We have also augmented a Rs 695 crore water supply project under Atal Mission for Rejuvenation and Urban Transformation (AMRUT). The plan includes intake wells, raw water pumps, express feeder lines, pumping machinery, 100 MLD treatment plant at Pakni and a 60 MLD plant at Soregaon and automatic metre reading (AMR) devices for all connections.
Other areas of concern are waste management and cleanliness in the city. What are your plans in this direction?
We have robust and financially-viable plans in place for waste management. The city generates 350 tonne of municipal solid waste daily. Of this, 85 per cent is collected and only 27 per cent of collected waste is treated in the 3 MW waste-to-energy (WTE) plant due to absence of waste segregation facility and grid connectivity. This public-private-partnership (PPP) plant is running at part capacity. So we have set aside Rs 34 crore to develop a 100 per cent waste management system.
This will include every activity of the system such as segregation, collection, treatment and disposal, including daily cleaning of streets.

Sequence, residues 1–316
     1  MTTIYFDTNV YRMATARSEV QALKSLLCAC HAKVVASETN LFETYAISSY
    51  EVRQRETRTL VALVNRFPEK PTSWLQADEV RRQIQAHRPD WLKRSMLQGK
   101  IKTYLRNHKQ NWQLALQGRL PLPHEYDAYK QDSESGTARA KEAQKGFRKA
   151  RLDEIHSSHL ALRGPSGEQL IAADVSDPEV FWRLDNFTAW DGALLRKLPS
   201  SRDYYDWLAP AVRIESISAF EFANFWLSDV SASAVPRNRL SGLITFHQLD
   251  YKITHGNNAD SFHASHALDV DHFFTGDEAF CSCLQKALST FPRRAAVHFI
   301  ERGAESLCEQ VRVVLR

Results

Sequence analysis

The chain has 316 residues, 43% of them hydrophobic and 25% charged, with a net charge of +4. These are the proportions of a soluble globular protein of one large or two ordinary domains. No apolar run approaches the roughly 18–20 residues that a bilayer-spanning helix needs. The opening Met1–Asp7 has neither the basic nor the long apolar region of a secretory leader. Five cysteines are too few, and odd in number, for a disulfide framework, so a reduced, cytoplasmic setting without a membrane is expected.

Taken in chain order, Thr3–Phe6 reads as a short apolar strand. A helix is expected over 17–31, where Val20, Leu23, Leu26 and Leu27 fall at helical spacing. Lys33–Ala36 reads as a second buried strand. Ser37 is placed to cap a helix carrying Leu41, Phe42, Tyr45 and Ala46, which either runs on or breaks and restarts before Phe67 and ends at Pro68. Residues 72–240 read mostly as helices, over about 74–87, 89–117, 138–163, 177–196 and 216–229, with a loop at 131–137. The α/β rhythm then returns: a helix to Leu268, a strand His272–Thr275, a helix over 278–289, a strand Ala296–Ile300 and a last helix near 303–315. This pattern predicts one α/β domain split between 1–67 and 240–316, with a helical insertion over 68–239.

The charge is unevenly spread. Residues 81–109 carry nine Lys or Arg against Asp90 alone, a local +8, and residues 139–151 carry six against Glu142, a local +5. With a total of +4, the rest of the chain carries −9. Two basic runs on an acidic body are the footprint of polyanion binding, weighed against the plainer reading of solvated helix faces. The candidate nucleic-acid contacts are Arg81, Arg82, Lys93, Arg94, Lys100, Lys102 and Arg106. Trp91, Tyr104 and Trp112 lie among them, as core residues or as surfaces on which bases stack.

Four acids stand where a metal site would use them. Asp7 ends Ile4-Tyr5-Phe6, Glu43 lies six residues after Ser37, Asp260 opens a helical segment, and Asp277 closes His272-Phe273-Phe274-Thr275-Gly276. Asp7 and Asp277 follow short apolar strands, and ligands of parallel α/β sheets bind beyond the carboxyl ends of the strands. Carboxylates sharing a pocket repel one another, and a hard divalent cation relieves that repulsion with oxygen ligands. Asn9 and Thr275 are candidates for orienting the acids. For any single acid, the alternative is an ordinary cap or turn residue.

Being selected among the top 10 cities under the mission, how many projects have witnessed progress?
At present, we have floated tenders for e-toilets, smart roads, command and control centres, smart kiosks, redesigning of the road sections to cover utilities and creation of walking space. For efficient use of public space, a detailed project report (DPR) preparation from urban design consultant is under progress. Also, the draft concept plans for Siddheshwar lake, light and sound show, night market and garden development are ready and under revision. As far as efficient waste water recycling and use is concerned, a letter of intent (LOI) has already been issued to an infrastructure consultant. That said, we have also signed an agreement with NTPC that offers consent to use 75 million litres per day (MLD) tertiary-treated water and free up fresh water of the same quantity for the city.
You talked about command and control centre. Since you have come out with tenders recently, how was the response?
Yes, we floated tenders for the command and control centre recently and the response was overwhelming. The work for the command and control centre will take place in two phases. The first phase includes the integration of traffic management. For phase one, we must have received more than 400 queries, where industry giants such as L&T, Wipro and Honeywell have shown their interest in bidding.